The global private equity market was more resilient and less volatile than public equity markets during the first half of 2020 as firms dealt with the fallout of the coronavirus crisis. Further, the economic slowdown lasted longer in the European private equity market than in other regions, with U.S. and Asian funds performing more strongly. Asian and North American markets suffered heavier losses in 1Q20, of more than 6% of value, but recovered quicker while the European market correction continued well into 2Q20. (Private Equity News)


Elon Musk says Apple refused a meeting to acquire Tesla. (The Verge)

How far has Amazon been willing to go to make its “everything store” live up to the name? The Wall Street Journal delves into Amazon’s various strategies for dealing with competitors and managing the Amazon Marketplace, its platform for third-party sellers that’s responsible for more than half of all its retail sales. (The Verge, Wall Street Journal)

The Covid-19 relief bill could change the future of game livestreaming in the U.S. It’s meant to be aimed at “commercial, for-profit streaming piracy services.” But as it’s written, this could be a substantial blow to the programming featured on Amazon’s Twitch service, YouTube, and Facebook Gaming, as well as smaller broadcasting and video services. Much of the content on modern livestreaming platforms still involves live gameplay, much of which at any given time isn’t endorsed by the owners of these games so much as it’s gently tolerated. (Geekwire)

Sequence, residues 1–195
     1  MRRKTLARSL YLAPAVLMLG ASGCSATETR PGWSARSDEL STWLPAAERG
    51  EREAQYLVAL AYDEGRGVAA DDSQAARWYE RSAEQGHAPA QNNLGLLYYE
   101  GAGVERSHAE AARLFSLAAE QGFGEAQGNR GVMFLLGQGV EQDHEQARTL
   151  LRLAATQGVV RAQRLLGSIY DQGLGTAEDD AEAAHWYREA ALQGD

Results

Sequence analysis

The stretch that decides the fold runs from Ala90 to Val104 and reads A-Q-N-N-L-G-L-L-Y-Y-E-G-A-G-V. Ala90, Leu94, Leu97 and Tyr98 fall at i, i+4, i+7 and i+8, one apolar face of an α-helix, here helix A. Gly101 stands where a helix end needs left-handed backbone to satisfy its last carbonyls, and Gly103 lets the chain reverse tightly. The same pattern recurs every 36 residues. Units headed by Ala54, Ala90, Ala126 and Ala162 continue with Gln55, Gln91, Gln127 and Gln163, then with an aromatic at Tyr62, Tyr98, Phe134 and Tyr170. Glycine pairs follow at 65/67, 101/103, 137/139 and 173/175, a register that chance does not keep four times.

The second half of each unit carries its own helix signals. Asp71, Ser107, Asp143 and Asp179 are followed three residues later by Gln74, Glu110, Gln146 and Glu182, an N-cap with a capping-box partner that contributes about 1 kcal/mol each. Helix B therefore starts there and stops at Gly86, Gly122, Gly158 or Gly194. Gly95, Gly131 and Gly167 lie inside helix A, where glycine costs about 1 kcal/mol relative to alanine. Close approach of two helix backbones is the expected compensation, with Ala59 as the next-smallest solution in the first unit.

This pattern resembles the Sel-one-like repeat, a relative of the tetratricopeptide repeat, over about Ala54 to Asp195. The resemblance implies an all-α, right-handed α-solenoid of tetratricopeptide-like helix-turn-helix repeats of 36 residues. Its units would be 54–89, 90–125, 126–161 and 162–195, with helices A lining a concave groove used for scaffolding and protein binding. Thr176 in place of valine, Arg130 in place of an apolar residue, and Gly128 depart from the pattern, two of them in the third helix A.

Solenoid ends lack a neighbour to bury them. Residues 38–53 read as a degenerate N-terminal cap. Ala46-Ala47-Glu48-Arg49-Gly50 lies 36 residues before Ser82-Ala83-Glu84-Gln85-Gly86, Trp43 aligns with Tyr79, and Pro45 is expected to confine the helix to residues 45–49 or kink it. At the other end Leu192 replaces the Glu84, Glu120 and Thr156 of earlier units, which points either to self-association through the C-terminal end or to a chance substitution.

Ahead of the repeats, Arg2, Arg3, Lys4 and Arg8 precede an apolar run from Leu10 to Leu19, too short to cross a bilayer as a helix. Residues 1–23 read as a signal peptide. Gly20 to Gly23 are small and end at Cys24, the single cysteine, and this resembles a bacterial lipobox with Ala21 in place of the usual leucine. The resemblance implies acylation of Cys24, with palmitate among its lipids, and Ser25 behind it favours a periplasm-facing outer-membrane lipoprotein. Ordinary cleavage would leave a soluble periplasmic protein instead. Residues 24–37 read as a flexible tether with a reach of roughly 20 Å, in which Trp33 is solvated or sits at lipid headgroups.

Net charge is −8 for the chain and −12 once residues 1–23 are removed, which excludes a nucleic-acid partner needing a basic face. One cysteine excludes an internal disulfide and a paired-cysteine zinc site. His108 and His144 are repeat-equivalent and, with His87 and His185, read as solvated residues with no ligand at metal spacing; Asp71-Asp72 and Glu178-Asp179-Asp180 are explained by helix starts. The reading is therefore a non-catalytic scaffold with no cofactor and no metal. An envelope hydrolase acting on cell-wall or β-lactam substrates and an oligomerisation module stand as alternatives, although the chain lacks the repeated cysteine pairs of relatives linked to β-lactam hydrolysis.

How does adtech work — or, often, not work? This explainer on digital advertising's header bids, third-party brand safety vendors, and “evercookies,” illustrated by a ubiquitous pajama onesie ad helps. (Gizmodo)

GitHub has spent the past few weeks excising all nonessential web trackers and cookies on its site—save for a few that are critical to its operation. Now that GitHub no longer has any outside trackers or cookies on its site, it doesn't need to generate a nuisance pop-up the instant someone visits the web page. No outside services can scrutinize what people are up to on GitHub, and that ever-present consent form, ubiquitous around the web, is gone. (Fortune)

The New York Times’ crossword puzzle was released in augmented reality: Floating letters delivered straight to your space of choice. (The Verge)

Smart Links

Lyft, JPM, Anthem & United Way may offer a free ride to your Covid-19 vaccine. (Fast Company)

Affluent families ditch public schools, widening U.S. inequality. (Bloomberg)

13 new billionaires signed the Giving Pledge. (Business Insider)

Rutgers University renames iconic residence hall in honor of Ruth Bader Ginsburg. (Rutgers University)

Giant iceberg menacing South Georgia Island breaks up into smaller pieces. (Washington Post)

“Blended meat” has arrived, melding the best of the plant-based and cultured-meat substitutes. (MIT Technology Review)

America’s scallop catch expected to dip in 2021. (Washington Post)

U.S. ethics ratings rise for medical workers and teachers. (Gallup)